Cracking buffer principles
Cracking buffer principles

Samples are applied to SDS gels in "cracking" buffer. The term "cracking" comes from the fact that cells are often disrupted directly in the buffer

I'm skeptical of recipes and prefer principles.

For any procedure, begin with a recipe. Typically I take a literature recipe. I then examine each component of the recipe. If a component is obviously superfluous, I leave it out. If it's obviously suboptimal I adust it. Ultimately I may systematically vary critical variables to optimize. If I overlook a critical variable I'll wind up with a poor procedure. This is why it's helpful to discuss procedures with knowledgeable people. The beginner may ask "How should I know what the components do?" If you're not curious enough to find out, reconsider becoming a scientist. Paying attention pays dividends, sometimes in unexpected ways, in the long run.

I've used a variety of "cracking" buffers. Generally I have a 10X stock of high pH (~8.5 or higher, ~0.5M) tris buffer (i.e. 0.5M tris, 0.1M MOPS), a 0.5M DTT solution (~100X, must be fresh), a 10%w/v SDS solution (~10X), a dye stock solution (~1% crystal violet) and something to make the sample dense (sucrose or preferably Ficoll). Components, particularly SDS and DTT can be varied systematically to assure that concentrations are sufficient. One can easily make and test a variety of 10X buffer solutions.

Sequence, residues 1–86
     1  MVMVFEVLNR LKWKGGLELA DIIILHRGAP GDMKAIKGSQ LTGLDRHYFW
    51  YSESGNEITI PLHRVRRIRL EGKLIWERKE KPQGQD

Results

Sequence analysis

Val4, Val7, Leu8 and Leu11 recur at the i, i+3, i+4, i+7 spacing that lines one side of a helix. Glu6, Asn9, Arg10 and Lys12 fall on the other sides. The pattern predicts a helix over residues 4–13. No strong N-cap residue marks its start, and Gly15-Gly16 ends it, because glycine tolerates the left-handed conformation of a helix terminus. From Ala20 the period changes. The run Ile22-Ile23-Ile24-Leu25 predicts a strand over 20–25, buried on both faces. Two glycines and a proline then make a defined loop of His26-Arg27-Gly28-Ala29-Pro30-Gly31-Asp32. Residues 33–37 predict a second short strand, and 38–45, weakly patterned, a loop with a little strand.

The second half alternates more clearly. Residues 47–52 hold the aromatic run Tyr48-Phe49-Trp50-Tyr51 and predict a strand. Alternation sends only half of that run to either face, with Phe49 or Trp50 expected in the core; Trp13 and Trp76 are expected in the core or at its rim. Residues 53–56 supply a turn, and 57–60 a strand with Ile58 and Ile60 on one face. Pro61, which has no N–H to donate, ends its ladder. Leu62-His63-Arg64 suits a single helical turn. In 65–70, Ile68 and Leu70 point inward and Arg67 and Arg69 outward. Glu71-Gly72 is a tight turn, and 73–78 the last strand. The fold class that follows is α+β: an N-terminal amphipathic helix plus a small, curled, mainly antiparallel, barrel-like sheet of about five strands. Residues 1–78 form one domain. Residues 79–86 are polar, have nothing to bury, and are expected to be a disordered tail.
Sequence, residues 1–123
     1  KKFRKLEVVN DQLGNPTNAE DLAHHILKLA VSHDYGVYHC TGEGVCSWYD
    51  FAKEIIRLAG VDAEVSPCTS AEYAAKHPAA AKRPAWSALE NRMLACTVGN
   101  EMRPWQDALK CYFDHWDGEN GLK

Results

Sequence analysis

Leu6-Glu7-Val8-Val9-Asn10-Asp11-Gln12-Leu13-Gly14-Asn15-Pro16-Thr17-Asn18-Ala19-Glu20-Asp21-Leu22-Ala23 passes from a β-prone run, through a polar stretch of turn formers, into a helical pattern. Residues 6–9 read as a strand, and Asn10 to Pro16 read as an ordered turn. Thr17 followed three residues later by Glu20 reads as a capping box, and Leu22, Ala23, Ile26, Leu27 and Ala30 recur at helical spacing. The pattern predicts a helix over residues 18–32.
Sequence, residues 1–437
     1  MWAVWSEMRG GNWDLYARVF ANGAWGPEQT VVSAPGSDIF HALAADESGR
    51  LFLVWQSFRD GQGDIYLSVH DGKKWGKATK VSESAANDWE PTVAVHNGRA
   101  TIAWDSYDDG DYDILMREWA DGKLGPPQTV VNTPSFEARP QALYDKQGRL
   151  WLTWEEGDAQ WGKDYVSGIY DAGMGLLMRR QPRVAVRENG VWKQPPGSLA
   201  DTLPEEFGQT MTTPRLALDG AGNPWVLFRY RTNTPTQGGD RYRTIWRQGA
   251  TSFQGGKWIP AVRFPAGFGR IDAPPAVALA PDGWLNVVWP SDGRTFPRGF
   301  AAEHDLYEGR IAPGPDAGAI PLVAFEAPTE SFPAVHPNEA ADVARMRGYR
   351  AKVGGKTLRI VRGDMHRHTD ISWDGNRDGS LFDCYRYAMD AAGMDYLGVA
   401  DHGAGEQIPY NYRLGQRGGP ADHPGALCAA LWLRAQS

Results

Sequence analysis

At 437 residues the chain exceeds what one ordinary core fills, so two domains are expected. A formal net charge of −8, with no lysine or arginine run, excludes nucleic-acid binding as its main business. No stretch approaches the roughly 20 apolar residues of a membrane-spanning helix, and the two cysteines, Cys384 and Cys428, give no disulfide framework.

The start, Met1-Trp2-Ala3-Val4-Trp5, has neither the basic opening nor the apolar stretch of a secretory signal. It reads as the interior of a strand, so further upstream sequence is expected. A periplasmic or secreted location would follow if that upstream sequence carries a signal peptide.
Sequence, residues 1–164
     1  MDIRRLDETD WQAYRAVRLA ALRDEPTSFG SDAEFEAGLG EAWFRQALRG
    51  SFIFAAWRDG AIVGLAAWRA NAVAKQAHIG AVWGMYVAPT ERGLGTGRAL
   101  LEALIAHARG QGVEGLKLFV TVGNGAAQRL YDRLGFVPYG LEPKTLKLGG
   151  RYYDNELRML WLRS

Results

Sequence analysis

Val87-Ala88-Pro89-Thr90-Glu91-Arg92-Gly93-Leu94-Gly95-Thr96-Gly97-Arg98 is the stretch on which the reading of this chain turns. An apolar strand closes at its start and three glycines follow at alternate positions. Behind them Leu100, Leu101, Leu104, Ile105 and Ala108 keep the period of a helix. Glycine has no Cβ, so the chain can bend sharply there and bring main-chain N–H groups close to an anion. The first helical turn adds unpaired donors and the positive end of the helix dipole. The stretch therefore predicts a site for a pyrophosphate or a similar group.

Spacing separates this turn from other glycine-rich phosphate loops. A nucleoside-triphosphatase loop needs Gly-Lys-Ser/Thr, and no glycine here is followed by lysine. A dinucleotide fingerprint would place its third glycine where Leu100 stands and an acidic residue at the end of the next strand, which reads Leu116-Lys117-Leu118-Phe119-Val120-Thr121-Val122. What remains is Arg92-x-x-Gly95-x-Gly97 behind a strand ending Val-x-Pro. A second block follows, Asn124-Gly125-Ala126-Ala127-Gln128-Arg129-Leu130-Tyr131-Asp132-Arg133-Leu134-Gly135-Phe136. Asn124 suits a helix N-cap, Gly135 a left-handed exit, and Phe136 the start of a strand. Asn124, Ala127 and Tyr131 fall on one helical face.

Buffer - Should be high pH to facilitate reduction (but avoid alkaline hydrolysis). If you're applying a large volume conductivity (buffer concentration) shouldn't be too high. Acid containing samples may raise buffering requirements. Borate is useful where reactive amines are problematic (borax is a primary buffer standard)

Reducing agent - if you're going to alkylate you need a low concentration of a strong reductant. Ambient oxygen oxidizes thiols so pay attention to the quality of the reductant (for DTT see)

SDS - 0.1% will do for small amounts of protein, but be aware that lipids, nonionic detergents, excessive protein, etc. can raise the requirement dramatically.

Dye - Crystal violet (cation) binds SDS and runs toward the cathode. It lets you see the sample and track migration. If your sample contains acid you may prefer an indicator dye that tells you if your buffer has failed to neutralize the acid.

Ficoll - Ficoll is a roughly spherical polymer. In increases density but keeps viscosity and osmolarity low.